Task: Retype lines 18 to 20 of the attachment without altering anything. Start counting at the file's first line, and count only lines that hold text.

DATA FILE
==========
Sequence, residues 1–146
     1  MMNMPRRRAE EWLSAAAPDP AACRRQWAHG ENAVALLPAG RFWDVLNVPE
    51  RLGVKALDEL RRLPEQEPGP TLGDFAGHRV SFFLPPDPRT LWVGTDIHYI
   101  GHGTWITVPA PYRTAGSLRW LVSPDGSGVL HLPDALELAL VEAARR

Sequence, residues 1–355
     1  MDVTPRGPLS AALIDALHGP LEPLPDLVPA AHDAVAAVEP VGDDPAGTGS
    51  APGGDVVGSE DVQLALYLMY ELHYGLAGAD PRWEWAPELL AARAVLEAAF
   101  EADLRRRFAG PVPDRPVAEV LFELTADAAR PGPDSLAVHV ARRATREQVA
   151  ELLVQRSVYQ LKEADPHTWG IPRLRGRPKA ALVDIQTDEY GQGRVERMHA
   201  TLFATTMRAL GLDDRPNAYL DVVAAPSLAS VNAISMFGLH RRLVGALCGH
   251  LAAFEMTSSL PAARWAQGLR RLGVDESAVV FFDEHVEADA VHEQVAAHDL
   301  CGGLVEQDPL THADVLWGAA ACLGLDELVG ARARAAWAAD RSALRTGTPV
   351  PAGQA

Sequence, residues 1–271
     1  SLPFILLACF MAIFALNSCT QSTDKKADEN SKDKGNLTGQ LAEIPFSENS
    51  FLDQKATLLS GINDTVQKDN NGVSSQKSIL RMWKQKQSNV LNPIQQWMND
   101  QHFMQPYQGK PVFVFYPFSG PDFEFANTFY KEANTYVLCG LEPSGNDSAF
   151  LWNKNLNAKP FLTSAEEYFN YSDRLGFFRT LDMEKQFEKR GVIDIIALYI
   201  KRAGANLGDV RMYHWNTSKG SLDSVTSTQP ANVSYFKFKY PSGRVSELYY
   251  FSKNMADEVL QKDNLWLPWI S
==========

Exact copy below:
   151  LWNKNLNAKP FLTSAEEYFN YSDRLGFFRT LDMEKQFEKR GVIDIIALYI
   201  KRAGANLGDV RMYHWNTSKG SLDSVTSTQP ANVSYFKFKY PSGRVSELYY
   251  FSKNMADEVL QKDNLWLPWI S